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Losing Lambert: A Journey Through Survival & Hope | Stream Now with WNED PBS Passport

Losing Lambert: A Journey Through Survival and Hope
Rating: TV-PG

Explores the heart-rending questions left in the wake of suicide. Kathy O'Hern Fowler, who lost her 16-year-old son to suicide in 1995, spent years struggling with the loss and grief. However, the life-altering experience led her to advocate for other parents who tragically find themselves in the same position. The touching and insightful the film explores the heart-rending questions left in the wake of suicide, interviews parents struggling to cope with the pain and stigma, and offers hope for the future of suicide prevention. At a survivors meeting, parents speak candidly about the loss of their children - their darkest hours - in an effort to raise awareness about teen suicide and to help others find compassion and support. The documentary also focuses on the promising medical research being conducted at the University of Pittsburgh Medical Center in conjunction with Carnegie Mellon University. Their preliminary findings show impulse-control problems in the brains of suicidal teens, an impressive discovery researchers hope may someday lead to better identification and treatment for at-risk teenagers.

Independent LensTikTok, Boom.
Expires: 2023-10-24

Gen Z influencers and experts help dissect influential social media platform TikTok.

1 / 3 Videos
TikTok, Boom.
Independent Lens
TikTok, Boom.
Facing Suicide
Facing Suicide
Facing Suicide


Student Mental Health Matters | A Toolkit for Educators | Grades 9-12, 6-8 

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Student Mental Health Matters: A Toolkit for Educators is designed to equip educators, school staff, and school mental health professionals with critical knowledge and strategies needed to support the mental well-being of their students. Digital media resources — produced by expert mental health organizations and public media sources — cover suicide prevention, stress and anxiety, self-harm, adverse childhood experiences, and social media, and offer:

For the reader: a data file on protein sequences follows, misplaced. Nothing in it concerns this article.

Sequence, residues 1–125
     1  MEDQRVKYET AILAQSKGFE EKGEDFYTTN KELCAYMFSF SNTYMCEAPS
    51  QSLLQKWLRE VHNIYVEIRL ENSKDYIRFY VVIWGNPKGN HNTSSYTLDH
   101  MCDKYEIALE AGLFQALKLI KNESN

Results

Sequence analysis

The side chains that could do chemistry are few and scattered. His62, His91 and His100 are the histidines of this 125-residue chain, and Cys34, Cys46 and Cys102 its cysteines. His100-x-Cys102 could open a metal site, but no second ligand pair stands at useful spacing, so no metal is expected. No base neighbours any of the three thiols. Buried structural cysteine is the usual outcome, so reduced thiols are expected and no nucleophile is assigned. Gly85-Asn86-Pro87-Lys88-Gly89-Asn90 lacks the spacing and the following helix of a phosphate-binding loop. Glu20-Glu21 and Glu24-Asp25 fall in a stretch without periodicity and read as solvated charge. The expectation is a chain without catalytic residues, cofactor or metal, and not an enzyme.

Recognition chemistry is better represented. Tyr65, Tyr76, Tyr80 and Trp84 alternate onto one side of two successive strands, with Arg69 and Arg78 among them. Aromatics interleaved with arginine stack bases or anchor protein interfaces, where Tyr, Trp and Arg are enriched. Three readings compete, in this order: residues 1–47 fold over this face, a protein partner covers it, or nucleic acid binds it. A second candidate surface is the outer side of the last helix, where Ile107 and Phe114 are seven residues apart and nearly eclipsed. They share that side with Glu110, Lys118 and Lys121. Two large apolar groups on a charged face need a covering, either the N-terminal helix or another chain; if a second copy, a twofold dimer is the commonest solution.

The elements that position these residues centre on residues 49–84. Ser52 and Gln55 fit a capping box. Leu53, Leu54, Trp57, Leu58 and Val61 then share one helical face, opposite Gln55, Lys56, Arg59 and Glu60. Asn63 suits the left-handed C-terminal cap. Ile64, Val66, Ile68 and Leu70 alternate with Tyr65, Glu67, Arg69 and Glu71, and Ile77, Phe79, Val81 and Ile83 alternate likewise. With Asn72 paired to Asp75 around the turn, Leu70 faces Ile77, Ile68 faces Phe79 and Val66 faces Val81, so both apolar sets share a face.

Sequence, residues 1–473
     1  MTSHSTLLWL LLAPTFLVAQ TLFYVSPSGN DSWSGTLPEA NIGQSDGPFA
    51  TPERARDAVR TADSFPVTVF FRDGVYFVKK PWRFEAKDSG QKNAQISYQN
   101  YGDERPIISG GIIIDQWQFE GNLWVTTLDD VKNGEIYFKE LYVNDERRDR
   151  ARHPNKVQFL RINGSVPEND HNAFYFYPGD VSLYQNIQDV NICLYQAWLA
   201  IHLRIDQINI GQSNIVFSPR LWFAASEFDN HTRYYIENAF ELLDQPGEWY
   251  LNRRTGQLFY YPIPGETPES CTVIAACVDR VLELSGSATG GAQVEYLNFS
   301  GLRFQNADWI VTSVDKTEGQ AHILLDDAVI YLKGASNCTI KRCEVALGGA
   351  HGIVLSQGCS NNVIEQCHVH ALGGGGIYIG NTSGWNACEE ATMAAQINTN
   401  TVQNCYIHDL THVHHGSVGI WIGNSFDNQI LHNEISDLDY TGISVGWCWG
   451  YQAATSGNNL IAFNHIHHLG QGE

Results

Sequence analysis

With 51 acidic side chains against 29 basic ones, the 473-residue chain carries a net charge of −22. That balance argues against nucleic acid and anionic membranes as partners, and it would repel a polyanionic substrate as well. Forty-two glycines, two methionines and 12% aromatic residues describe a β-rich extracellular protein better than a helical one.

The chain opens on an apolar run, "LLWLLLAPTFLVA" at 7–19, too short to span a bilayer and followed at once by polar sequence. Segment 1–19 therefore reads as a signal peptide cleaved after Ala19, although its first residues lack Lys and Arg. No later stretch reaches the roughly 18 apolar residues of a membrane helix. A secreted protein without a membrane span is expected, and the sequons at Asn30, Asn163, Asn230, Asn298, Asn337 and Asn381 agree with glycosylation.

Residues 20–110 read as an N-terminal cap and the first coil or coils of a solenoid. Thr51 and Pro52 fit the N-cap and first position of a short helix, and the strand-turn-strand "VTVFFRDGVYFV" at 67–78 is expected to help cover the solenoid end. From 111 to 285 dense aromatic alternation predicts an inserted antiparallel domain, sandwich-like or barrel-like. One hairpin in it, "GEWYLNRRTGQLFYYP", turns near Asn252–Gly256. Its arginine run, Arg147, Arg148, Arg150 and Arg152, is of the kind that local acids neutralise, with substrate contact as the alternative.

• Expert perspectives from mental health professionals, school administrators, and educators aimed at helping teachers better understand a topic;
  • Student perspectives that reveal the lived experience of elementary, middle, and high school students;
  • Strategies that provide real-world applications for teachers’ practices.

Mind Frame | A Toolkit for Educators | Grades 6-8

Destigmatize Mental HealthMind Frame

Mind Frame is a peer-hosted collection of videos targeted at middle school audiences to help de-stigmatize the act of talking about mental health and illness. Topics include Depression, Anxiety, Suicide Prevention, Substance Use Disorder, and Wellness - shared by one of two hosts, Rylee Davis or Griffin Greear.

Healthy Minds, Thriving Kids | A Toolkit for Educators | Grades 3-5, 6-8, 9-12 

Healthy Minds, Thriving Kids

Healthy Minds, Thriving Kids is a series of video and print resources that educators can use to teach their students critical mental health and coping skills. The videos and support materials, which are also available in Spanish, are centered around the following five areas:

  • Understanding FeelingsBuilding a foundation for healthy coping 
  • Relaxation Skills Skills for stressful situations 
  • Understanding ThoughtsHow thoughts impact feelings and behavior 
  • Managing Intense EmotionsSkills for coping with intense emotions 
  • MindfulnessImproving self-awareness and decision-making

Hiding In Plain Sight- Youth Mental Illness | Discussion & Event Guide for Schools | Grades 9-12

Hiding in Plain Site

Hiding in Plain Sight follows the journeys of more than 20 young Americans from all over the country and all walks of life, who have struggled with thoughts and feelings that have troubled—and, at times—overwhelmed them.

This discussion guide is intended to foster meaningful conversations in your classrooms and wider communities about topics covered in Hiding in Plain Sightand to deepen educator and student understanding. The guide is filled with tools to help you plan for teaching about the mental health topics explored in the film, plan screening events for your students, and spark discussion. The guide overviews educational materials made in association with the film for middle and high school educators and students. The lessons and activities described are available in Ken Burns' Classroom.


Community Partner Websites

Erie County

Erie County Department of Mental Health 

Erie County Department of Mental Health plans, administers and coordinates a countywide integrated system of community based mental health and children’s system of care programs to address the treatment and recovery needs of individuals. 


National Alliance of Mental Illness (NAMI) of Buffalo & Erie County 

NAMI Buffalo and Erie County is an affiliate of the National Alliance of Mental Illness, the nation’s largest grassroots mental health organization dedicated helping individuals and families affected by mental illness.  

Child and Youth treatment services are offered by a variety of providers, and NAMI has compiled a list of providers that focus on children and/or have special children and youth programs. This list of agencies and providers include a range of services including counseling, psychiatric care, intensive care, assessments, home-based services, support groups, and school-based interventions. 

  • Children, Youth and Trauma-Informed Care Resources | The National Child Traumatic Stress Network